"Martin Mazorra: Language of Flowers" at O2 Gallery

Woodcut and letterpress brilliance brings a garden of visual delights

<i>Delerious Abandon</i> by Martin Mazorra
Delerious Abandon by Martin Mazorra

That whole language-of-the-flowers thing was a hoot, wasn't it, back in ye olde Victorian times?

Floriography, they called it. People of swell society sending each other bouquets of flowers, exchanging those little nosegays to wear upon their finest raiment, whereby folks in the know would get the messages intended. An arrangement predicated on the flower tansy, for instance, meant, "I declare war against you," but of course most of the myriad floral patternings were declarations of romantic love.

You know what else they used to do back in ye olde days? Woodcuts are what they used to do, long before linoleum was a thing. They say you could always tell a woodcut artist by the learning-curve scars still texturing their masterful hands (if not by the errant ink stains complicating a trade-specific apron).

The Brooklyn-based artist Martin Mazorra is not so old as all that – born in West Virginia in 1972, after all – but his woodcut creations and letterpress renderings are as solidly crafted and visually stunning as anything those old masters used to do with their knives and pigments and papers. And now Mazorra's large "Language of Flowers" collection is on display at Flatbed Gallery, and we're swooning like a lovesick swain from having witnessed them firsthand.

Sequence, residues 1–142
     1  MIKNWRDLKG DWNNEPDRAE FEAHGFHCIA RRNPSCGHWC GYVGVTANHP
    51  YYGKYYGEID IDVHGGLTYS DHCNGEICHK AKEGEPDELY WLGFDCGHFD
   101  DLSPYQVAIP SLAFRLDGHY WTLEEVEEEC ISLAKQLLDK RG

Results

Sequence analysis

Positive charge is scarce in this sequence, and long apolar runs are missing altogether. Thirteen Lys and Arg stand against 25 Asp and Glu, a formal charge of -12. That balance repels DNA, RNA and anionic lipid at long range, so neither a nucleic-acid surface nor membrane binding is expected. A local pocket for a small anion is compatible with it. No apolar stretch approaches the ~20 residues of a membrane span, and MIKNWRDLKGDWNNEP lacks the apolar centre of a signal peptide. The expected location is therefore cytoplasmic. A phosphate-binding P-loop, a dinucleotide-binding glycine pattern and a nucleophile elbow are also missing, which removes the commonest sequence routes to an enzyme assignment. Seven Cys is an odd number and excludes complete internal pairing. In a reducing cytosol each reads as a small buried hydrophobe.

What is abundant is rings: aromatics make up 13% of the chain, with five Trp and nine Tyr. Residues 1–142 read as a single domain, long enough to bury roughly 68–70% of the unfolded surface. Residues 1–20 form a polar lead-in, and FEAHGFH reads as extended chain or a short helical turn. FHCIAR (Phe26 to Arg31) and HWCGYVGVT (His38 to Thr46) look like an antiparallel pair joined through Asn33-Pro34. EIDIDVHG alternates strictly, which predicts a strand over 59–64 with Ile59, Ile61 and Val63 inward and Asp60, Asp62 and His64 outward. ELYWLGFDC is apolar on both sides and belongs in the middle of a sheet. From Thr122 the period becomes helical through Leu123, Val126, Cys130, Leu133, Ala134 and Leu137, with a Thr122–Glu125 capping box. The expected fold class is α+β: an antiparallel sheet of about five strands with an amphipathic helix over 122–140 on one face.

The long O2 Gallery walls are resplendent with multicolored handmade prints of Mazorra's floral works, accompanied by the artist's carefully set text that declares each flower's meaning and sometimes – this is so good – includes a bit of modern meta-commentary, a touch of snark among the wide-ranging suite of images.

"Flowers would say or emphasize what could not be spoken out loud," notes Mazorra. "I have added contemporary, solicitous twists to this tradition."

But really, it's the visuals here – the woodcut art itself, the varied vegetal world in all its vibrant profusion, and the colorful, expert printing on oversized French paper – that make this show a must-see. Which is still possible even now, because "Language of Flowers" is up at the Flatbed Gallery until Dec. 31, and so we'll pretend that this whole review is a bouquet of snowdrops we're sending your way. Because that, dear reader, means "joy to come."

“Martin Mazorra: Language of Flowers”

O2 Gallery in Flatbed Press, 2832 E. MLK, 512/477-9328
Through Dec. 29

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O2 Gallery, Flatbed Press, Martin Mazorra

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